Ann Lewin-Benham, Director of Capital Children's Museum
Ann Lewin-Benham was executive director of the Capital Children's Museum in Washington, D.C. The museum was home to the first public-access computer center in the nation’s capital, and indeed, one of the first in the United States. In 1981, Atari and Apple each donated dozens of computers to the museum. The exact number is unclear, but 30 is the number I've seen most often for Atari's contribution.
The computer lab was called The Future Center. There, the museum offered computer literacy classes for people of all ages, from Compu-Tots for preschoolers, to programming classes for adults, there was even a computer literacy session for members of Congress. It also used the lab for birthday parties. (Last year, I interviewed a woman who had her 8th birthday party at the museum.) The museum used more of its computers in its exhibit on communication. It established a software development laboratory, called Superboots, in which developers created custom softare for the museum, and one product that was released commercially: the graphics program PAINT!
In a 1982 article titled A Day At The Capital Children's Museum, Melanie Graves described the scene:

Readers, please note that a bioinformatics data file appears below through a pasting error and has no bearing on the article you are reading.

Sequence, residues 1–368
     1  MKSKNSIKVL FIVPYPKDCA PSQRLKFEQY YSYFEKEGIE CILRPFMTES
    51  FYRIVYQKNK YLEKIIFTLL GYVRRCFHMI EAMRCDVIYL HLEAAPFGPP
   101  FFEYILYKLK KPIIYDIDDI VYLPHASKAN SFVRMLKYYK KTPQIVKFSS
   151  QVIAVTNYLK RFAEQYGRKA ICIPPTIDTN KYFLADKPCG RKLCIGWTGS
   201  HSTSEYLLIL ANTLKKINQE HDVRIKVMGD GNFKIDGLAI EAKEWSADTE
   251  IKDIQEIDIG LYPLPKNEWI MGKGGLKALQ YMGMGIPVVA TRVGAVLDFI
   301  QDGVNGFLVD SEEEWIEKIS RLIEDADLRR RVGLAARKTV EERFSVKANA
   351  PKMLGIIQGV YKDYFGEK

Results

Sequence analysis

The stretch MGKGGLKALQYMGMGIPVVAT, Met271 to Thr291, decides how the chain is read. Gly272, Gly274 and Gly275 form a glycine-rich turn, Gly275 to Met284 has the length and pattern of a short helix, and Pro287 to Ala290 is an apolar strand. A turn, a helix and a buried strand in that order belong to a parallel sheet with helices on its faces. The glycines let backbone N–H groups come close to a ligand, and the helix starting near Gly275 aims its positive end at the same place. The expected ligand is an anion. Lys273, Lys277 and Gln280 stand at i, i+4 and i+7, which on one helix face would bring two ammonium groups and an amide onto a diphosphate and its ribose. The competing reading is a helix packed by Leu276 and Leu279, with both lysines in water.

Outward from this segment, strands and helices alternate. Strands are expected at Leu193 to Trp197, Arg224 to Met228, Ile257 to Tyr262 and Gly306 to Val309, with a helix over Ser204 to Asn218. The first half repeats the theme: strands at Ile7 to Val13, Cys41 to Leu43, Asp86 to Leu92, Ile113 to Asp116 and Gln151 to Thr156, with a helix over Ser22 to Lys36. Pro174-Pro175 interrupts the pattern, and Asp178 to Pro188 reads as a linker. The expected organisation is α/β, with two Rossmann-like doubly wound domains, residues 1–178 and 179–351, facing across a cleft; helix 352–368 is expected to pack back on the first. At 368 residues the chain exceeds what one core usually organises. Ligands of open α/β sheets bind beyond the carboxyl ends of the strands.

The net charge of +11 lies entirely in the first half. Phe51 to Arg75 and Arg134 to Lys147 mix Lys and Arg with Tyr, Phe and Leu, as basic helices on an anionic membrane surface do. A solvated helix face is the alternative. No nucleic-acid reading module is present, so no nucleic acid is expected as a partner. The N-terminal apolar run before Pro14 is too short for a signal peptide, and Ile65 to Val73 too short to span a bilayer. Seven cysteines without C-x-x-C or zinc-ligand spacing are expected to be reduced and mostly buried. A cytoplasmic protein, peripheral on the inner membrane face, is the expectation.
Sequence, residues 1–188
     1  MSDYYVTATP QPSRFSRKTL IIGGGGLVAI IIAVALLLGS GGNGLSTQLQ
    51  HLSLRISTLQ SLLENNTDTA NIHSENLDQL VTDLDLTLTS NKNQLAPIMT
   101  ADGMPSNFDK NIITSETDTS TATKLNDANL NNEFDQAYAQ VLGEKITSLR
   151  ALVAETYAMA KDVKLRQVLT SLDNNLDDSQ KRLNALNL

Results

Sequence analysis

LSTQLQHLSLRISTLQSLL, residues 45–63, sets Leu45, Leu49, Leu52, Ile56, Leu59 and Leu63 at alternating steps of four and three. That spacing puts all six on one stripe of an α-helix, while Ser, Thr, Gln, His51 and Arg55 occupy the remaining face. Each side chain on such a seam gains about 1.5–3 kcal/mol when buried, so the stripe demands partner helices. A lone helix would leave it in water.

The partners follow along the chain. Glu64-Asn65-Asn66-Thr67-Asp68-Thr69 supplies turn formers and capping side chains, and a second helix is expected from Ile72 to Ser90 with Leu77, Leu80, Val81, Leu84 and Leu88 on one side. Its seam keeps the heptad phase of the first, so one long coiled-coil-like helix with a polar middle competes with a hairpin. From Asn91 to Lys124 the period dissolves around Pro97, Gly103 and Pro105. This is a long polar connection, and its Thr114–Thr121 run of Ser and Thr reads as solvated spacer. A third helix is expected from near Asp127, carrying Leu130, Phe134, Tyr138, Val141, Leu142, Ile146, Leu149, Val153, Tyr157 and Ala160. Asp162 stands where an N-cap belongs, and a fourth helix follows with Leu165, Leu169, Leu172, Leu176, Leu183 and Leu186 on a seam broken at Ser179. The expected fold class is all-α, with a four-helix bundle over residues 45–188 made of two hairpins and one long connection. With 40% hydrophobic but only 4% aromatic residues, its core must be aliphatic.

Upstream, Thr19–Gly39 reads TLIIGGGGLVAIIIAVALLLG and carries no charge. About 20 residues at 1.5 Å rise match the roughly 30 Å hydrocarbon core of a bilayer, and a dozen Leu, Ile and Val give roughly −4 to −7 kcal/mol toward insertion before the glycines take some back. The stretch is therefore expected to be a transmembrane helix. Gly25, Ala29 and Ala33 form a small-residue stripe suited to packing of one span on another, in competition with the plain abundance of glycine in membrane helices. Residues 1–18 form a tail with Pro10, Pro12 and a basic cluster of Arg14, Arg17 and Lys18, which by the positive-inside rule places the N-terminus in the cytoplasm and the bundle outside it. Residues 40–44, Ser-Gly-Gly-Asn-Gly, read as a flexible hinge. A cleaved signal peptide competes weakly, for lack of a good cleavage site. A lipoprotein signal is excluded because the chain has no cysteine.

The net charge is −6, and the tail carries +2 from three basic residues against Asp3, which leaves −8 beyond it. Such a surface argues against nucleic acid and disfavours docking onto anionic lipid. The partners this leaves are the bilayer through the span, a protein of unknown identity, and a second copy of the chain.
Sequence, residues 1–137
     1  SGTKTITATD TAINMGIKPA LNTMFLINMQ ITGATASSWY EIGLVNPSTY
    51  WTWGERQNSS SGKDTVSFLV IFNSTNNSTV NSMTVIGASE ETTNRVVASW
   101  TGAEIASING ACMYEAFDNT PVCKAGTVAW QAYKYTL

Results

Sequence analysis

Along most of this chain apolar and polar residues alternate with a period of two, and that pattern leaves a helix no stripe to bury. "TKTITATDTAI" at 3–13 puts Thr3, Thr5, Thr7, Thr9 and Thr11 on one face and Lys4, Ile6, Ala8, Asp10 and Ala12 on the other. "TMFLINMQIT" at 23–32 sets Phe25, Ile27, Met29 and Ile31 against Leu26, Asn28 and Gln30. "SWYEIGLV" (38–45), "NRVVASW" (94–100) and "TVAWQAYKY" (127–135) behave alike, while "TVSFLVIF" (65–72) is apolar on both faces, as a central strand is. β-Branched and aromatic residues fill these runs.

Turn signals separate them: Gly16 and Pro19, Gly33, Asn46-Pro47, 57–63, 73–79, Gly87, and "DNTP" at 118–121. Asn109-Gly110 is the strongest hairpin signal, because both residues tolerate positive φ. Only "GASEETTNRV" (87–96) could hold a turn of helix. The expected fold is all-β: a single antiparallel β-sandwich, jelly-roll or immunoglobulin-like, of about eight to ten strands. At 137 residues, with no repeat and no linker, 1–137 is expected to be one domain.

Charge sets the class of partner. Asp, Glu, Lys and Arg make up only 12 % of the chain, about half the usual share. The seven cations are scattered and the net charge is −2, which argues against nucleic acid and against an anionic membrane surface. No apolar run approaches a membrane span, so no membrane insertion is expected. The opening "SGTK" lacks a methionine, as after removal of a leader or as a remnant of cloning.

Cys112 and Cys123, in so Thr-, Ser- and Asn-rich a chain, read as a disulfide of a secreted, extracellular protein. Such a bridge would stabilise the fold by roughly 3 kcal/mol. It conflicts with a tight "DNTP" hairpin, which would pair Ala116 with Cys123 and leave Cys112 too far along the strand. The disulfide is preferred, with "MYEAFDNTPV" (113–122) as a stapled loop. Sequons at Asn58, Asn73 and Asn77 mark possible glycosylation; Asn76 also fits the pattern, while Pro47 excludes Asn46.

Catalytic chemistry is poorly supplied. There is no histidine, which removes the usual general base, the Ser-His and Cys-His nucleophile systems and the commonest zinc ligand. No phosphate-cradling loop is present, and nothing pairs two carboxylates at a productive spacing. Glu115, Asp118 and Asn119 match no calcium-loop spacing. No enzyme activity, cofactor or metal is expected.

"My twelve-year-old friend Sarah and I went to the museum to explore the computers. There are several dozen computers scattered throughout the building which are used for exhibits, classroom teaching and the development of educational software...
A machine that calls itself "Wisecracker" is the noisest of the computers that beckon visitors to the Communication exhibit. "My-name- is-Wise-crack-er," it says in a monotone, "Come-type-to-me." This message repeats endlessly until someone types at the keyboard or turns off the computer. "Hello, how are you?" Sarah typed, and pressed the return key. "Hel-lo-how-are-you," the machine’s voice responded. Sarah typed for awhile longer and then proclaimed, "It sure is dumb, but its voice is kind of cute."
The computer next to Wisecracker has a data base program that asked Sarah her name, where she came from, and other questions. It informed her that she was the thirty-seventh person from Virginia to type in data that day... "Fifty-five percent of the people who came here were girls," she told me. Next to the data base, a computer is set up with a music program. Sarah pressed some random keys, causing notes to sound. At the same time, the letter names of the notes appeared on the keys of a piano that was displayed on the screen.
There is also a Teletext terminal that tells inquirers about weather predictions, and news releases, the latest acquisitions at the public library, local cultural events and whatever else has been entered into the data base for that day...
After playing with Teletext, Sarah and I went to the Future Center, a room equipped with twenty Atari 800s. On weekdays, the classroom is available to school groups ranging from prekindergarten to high school. On weekends, families arrive for courses in programming. Classes have also been created for working people, senior citizens, community groups, congressional spouses and other special interest groups. This summer more than sixty students from the Washington, D.C. public schools attended one of two free month-long computer camps at the museum."
This interview took place on April 2, 2021.
Ann's web site
Museum in Atari ConnectionVolume 1 Number 4
A Day At The Capital Children's Museum